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Online Catalogue last updated 9th of October 2012

American Steam Engine Builders 1800-1900 by Kenneth L. Cope

Here is the companion volume to Ken Cope's previous works on machine tools, carriage making machinery and cooperage machinery. Factories filled with the machinery described in the previous works, from the smallest drill presses to giant planers, could not have existed without a reliable and sufficient power source. The steam engine was that source, from the start of the industrial revolution to the general availability of electric power distributed from large, central generating stations in the early 20th century. Smaller size engines, made for farms and small industries such as cheese factories, greatly reduced the manpower required and therefore the cost of the final product to the consumer.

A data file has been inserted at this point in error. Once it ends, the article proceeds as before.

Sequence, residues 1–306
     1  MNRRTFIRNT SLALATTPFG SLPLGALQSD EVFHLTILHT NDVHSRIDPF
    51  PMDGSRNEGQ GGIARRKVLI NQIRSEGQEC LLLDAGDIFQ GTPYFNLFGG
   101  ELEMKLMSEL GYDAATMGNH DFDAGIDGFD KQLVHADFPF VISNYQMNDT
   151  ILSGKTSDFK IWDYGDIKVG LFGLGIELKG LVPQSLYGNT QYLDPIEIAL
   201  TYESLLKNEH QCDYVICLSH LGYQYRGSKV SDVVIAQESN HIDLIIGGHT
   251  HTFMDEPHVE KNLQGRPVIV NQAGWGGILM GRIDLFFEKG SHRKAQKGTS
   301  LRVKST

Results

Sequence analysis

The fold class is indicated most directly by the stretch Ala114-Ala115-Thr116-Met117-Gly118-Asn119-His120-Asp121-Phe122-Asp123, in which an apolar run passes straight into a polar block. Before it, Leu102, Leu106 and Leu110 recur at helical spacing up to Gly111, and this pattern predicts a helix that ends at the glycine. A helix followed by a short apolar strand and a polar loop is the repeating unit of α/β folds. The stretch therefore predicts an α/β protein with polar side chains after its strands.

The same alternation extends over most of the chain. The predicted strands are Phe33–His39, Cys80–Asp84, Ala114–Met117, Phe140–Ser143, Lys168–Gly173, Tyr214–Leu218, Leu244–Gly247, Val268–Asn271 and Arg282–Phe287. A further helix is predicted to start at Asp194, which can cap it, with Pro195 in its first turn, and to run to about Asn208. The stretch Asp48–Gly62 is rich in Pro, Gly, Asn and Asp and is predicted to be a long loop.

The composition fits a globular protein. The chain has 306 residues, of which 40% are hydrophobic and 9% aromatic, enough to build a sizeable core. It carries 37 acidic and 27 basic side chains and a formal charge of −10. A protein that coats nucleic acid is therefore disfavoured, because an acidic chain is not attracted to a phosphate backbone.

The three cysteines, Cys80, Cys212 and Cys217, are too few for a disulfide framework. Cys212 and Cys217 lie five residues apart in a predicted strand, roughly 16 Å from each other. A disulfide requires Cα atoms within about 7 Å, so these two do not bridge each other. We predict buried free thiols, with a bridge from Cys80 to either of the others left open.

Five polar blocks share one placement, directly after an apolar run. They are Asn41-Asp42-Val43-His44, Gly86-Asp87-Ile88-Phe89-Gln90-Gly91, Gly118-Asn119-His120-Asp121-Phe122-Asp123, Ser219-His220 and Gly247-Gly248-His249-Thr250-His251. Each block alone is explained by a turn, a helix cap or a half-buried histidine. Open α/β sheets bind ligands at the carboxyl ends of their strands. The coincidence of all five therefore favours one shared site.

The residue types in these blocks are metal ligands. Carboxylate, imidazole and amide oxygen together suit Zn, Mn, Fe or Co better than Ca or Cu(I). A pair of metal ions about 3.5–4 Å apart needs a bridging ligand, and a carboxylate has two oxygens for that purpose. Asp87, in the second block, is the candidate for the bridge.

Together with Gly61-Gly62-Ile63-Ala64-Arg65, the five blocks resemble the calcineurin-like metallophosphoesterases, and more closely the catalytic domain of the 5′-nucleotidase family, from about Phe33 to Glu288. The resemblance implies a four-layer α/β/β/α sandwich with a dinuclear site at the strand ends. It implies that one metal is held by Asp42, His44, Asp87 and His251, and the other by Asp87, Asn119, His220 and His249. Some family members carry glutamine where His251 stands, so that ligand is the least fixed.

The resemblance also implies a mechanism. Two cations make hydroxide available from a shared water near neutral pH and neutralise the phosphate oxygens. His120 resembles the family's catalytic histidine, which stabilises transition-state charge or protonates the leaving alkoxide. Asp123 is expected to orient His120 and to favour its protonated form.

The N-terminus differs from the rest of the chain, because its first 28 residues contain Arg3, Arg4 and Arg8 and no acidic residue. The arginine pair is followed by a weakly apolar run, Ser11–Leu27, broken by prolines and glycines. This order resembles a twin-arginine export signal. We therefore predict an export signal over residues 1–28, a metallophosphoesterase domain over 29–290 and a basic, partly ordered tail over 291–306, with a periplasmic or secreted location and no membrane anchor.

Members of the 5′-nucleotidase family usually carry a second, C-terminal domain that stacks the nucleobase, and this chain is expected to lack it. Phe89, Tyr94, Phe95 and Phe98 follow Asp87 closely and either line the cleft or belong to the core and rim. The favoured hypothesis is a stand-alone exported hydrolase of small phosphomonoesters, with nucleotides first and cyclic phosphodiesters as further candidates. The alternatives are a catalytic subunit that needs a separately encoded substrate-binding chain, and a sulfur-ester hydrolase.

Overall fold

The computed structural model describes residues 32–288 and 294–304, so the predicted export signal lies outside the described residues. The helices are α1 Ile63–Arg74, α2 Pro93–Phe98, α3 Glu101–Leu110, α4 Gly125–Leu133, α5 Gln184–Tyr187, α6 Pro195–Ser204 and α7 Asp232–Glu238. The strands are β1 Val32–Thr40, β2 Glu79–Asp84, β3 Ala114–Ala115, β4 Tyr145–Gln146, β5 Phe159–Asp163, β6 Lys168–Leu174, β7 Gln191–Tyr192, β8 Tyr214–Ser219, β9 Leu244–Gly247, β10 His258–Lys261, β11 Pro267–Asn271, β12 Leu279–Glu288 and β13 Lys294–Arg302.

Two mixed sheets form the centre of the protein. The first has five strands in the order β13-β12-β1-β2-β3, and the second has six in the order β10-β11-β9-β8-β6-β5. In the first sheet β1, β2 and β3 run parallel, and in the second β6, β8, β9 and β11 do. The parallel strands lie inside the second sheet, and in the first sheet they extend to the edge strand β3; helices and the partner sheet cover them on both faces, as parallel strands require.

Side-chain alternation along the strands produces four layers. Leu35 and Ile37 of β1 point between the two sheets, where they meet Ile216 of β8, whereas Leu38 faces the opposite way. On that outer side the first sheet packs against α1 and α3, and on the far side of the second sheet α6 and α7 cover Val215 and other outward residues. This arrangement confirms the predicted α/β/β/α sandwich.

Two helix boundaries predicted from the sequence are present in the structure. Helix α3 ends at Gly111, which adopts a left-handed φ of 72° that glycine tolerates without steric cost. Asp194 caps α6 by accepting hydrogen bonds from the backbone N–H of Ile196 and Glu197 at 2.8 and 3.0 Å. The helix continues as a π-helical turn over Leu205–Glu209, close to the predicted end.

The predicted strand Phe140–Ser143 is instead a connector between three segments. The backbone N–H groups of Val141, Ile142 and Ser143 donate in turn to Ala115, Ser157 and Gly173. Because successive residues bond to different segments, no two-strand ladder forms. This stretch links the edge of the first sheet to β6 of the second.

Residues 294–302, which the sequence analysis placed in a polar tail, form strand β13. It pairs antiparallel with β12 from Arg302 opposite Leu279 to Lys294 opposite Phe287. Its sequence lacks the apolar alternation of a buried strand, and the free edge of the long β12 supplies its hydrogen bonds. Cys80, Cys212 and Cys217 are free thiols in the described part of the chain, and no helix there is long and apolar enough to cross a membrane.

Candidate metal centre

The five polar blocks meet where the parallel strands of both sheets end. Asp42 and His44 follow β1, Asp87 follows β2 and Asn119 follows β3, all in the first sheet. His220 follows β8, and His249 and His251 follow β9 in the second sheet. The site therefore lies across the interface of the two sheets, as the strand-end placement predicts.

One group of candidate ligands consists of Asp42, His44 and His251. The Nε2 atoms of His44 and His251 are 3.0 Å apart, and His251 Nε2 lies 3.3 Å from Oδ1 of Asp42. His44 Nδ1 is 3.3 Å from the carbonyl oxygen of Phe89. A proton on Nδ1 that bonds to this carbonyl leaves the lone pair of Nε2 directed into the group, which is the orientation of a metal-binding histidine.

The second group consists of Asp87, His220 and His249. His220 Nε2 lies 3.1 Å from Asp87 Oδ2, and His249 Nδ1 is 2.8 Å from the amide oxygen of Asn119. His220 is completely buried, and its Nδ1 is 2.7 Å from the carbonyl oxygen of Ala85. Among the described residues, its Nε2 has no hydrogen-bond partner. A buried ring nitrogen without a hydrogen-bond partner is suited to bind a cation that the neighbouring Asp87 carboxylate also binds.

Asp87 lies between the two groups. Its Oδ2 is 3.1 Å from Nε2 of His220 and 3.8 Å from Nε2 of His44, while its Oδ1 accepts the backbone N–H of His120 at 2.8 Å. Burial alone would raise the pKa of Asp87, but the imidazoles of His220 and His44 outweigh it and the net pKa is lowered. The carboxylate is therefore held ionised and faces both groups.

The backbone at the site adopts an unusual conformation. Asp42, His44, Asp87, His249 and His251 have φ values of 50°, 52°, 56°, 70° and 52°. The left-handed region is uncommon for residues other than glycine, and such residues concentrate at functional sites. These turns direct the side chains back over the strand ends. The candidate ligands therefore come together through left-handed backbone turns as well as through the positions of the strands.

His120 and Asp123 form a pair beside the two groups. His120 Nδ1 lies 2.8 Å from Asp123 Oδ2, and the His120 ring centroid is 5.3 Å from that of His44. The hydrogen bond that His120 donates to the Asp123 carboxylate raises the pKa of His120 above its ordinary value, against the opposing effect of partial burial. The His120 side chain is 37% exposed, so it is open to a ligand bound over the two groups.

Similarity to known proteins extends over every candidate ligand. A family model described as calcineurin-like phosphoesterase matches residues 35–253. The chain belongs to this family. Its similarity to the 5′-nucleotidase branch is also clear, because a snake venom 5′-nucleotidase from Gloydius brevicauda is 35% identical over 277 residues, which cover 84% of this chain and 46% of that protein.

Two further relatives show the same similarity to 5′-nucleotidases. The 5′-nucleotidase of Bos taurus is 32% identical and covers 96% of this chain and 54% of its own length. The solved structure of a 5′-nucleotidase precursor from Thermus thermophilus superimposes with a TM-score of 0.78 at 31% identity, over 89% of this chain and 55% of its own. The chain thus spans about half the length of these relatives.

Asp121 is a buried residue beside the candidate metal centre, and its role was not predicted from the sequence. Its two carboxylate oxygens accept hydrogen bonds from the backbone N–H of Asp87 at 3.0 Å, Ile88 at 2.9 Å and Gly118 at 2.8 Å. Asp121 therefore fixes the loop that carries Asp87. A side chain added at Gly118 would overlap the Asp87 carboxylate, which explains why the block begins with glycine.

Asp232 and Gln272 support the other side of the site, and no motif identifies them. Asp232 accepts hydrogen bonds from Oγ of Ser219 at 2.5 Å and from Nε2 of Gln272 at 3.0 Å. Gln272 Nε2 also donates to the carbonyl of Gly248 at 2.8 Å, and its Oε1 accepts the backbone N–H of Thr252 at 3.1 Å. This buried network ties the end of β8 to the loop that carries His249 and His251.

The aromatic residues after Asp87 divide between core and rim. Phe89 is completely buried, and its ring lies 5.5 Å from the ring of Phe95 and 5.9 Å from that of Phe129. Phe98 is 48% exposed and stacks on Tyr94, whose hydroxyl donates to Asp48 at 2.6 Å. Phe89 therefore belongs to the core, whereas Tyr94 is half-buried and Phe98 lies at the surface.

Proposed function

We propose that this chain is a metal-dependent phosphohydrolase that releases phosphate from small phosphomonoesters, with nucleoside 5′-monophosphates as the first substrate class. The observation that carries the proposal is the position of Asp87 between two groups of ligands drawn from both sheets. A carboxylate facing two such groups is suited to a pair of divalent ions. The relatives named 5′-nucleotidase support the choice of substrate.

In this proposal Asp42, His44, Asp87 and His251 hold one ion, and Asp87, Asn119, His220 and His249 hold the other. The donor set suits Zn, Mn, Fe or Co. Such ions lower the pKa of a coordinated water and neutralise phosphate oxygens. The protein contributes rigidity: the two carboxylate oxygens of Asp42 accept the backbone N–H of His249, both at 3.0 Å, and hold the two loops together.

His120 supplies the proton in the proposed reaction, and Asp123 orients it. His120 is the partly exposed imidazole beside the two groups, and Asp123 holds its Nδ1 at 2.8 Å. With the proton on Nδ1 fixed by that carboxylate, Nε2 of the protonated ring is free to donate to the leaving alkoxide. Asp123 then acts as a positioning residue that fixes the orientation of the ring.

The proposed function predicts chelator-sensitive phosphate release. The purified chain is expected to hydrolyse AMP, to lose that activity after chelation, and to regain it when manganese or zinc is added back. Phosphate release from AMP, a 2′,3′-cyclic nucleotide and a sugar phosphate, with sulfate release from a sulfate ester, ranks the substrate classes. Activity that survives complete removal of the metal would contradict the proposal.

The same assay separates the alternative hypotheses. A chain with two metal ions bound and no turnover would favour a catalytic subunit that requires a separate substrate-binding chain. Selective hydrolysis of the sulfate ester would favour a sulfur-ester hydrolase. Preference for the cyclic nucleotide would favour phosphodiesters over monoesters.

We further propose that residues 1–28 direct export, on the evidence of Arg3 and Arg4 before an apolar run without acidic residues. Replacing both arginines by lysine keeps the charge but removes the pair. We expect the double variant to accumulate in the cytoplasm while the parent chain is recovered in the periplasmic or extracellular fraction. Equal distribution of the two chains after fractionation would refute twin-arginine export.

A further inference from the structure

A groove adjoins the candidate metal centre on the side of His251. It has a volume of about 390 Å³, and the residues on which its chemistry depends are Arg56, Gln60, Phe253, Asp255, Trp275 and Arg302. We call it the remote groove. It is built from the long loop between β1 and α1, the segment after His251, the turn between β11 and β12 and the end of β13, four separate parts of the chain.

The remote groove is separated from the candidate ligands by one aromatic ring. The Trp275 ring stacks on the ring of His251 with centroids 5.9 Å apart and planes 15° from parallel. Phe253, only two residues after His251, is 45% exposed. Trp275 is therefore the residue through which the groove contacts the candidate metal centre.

The nearly 1000 illustrations show the development of the steam engine from 1800 to 1900 in a great variety of sizes, styles, and designs. Many designs shown proved impractical and were soon discarded; other designs such as the Corliss engine were made by scores of firms for scores of years. Along with the illustrations is a brief history of the individual maker, chronicling the various engines that each made.

Fully illustrated. 8-1/2" x 11". Soft cover.

Code No. 011707, 280 pages, ISBN 1931626227, $44.00

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